The Future of Fashion After The Pandemic: The End of The Hype?

As the world is facing a dramatic crisis, we at Social Unseen are looking at how this unfolding situation is impacting the fashion industry, leaving fashion businesses exposed to the most difficult circumstances. Retailers have shut down their doors around the world and are encouraging people to support them online instead.

 The reality is that in a tough situation, where we are all forced to stay home, some of us have seen their salaries being cut forcing them to reduce their expenses and focus more on necessities, a choice that would have a critical damage on the fashion industry, where clothes would more feel like a long-term fantasy.

 It didn’t take long for fashion houses to start supporting governments by providing their help in a critical medical emergency and give their support by mobilising their factories and studios to produce sanitisers, masks and gowns. Other big players in the industry have launched funds to help fighting the disease or to economically sustain young creatives.

 The question is, moving forward, are we going to return to a high consumerism in which we unconsciously buy clothes to satisfy a social-belonging status, or are we going to be more aware of real-life necessities where the new normal would be sustainable?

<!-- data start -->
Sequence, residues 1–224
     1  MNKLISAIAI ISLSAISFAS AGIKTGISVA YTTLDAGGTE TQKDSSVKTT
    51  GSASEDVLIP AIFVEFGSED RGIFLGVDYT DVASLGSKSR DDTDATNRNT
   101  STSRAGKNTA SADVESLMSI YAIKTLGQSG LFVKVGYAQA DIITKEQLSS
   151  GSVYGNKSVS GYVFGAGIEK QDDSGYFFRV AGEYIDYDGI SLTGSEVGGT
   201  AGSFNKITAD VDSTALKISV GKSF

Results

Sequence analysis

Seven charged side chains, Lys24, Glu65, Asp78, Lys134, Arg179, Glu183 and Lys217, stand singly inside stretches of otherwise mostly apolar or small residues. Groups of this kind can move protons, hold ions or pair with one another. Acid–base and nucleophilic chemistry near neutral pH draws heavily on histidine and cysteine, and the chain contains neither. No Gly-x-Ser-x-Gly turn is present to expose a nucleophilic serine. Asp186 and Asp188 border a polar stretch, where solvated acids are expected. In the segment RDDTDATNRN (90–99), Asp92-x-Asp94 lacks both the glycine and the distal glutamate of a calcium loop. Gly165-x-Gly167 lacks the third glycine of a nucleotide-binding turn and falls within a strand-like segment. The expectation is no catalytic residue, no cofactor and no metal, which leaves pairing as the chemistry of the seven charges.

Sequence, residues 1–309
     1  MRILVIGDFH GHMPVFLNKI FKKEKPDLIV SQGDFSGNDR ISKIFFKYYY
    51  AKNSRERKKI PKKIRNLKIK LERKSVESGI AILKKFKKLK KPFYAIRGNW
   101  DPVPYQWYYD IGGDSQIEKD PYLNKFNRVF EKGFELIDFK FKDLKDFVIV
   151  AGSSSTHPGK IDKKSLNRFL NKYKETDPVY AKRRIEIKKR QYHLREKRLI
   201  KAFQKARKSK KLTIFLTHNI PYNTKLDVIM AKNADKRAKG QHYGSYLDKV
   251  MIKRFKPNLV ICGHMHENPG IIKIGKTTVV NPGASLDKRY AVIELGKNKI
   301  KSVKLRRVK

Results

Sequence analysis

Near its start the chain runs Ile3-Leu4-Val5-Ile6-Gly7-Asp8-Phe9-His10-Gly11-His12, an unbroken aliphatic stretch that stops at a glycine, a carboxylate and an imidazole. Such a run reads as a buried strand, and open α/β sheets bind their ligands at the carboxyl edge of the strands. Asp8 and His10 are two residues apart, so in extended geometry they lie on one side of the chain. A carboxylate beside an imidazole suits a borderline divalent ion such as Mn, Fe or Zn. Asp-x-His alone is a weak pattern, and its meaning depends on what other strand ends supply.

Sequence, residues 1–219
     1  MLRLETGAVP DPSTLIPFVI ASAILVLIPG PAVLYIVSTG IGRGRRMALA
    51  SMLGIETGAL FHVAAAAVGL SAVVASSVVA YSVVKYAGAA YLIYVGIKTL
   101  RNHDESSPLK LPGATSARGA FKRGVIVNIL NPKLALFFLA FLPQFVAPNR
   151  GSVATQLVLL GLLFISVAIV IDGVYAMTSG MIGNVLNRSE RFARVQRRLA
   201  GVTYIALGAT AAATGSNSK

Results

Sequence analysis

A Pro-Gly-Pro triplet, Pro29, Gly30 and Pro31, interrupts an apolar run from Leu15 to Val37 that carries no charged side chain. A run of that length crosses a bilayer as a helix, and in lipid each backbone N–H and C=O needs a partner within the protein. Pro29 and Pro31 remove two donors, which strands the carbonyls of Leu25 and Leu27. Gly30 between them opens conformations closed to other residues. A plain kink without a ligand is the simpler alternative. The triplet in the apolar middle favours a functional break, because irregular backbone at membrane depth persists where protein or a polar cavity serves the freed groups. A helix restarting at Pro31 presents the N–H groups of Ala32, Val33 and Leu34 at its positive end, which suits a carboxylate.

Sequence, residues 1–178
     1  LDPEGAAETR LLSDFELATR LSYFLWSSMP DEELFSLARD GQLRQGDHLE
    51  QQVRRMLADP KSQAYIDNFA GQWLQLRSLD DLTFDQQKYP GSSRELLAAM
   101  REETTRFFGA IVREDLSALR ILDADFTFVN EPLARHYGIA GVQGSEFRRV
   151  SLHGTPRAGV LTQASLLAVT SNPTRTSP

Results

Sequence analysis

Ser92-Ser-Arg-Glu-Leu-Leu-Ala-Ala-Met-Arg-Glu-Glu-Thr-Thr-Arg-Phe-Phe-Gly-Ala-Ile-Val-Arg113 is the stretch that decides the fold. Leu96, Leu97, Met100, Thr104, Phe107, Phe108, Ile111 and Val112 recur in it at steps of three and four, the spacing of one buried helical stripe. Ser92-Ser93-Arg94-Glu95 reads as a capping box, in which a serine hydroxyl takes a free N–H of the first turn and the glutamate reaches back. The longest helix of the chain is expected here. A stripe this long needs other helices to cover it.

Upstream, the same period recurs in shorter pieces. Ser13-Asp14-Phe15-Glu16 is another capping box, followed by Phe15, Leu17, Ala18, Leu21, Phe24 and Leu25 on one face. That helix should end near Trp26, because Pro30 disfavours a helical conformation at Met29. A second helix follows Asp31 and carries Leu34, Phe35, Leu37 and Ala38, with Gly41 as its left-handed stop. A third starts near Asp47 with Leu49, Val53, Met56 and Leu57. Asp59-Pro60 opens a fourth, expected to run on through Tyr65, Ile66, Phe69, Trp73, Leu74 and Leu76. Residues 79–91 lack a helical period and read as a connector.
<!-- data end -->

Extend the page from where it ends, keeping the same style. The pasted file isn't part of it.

While Fashion Weeks are being cancelled around the world, designers are now thinking of creative ways to present the collections they have been working on – Maybe it’s the end of those weekly calendars, where models run from a continent to another for a ten-minute catwalk.  What we certainly believe, is that fashion would probably drive into a radical change, where every part of the retail strategy would focus on authenticity and creativity with no rules, no schedules and more freedom.

Fashion After Covid

Image: Marine Serre @Pinterest

Image: Marine Serre @Pinterest

As we are going through this crisis, the word luxury would certainly have another meaning. Instead of being this great sense of unneeded and not essential comfort it would probably have a connotation of gratitude, in which people would be thankful to appreciate that gift they offered to themselves, in other words, people would probably consume less and focus more on collectivism instead of being individualists.

 Fashion houses have been talking about sustainability for years, used as a marketing tool or as an authentic approach for others, it is now the right time to take real actions about slowing down the process of the circular production, that will consequently impact trends, and consumerism in general.

Giving the hard moments we are facing, we strongly believe that fashion plays a big role in shifting into a better future where authenticity comes at first and where it would drive people in being grateful and re-appreciate luxury again.

By Ines Aktouf.

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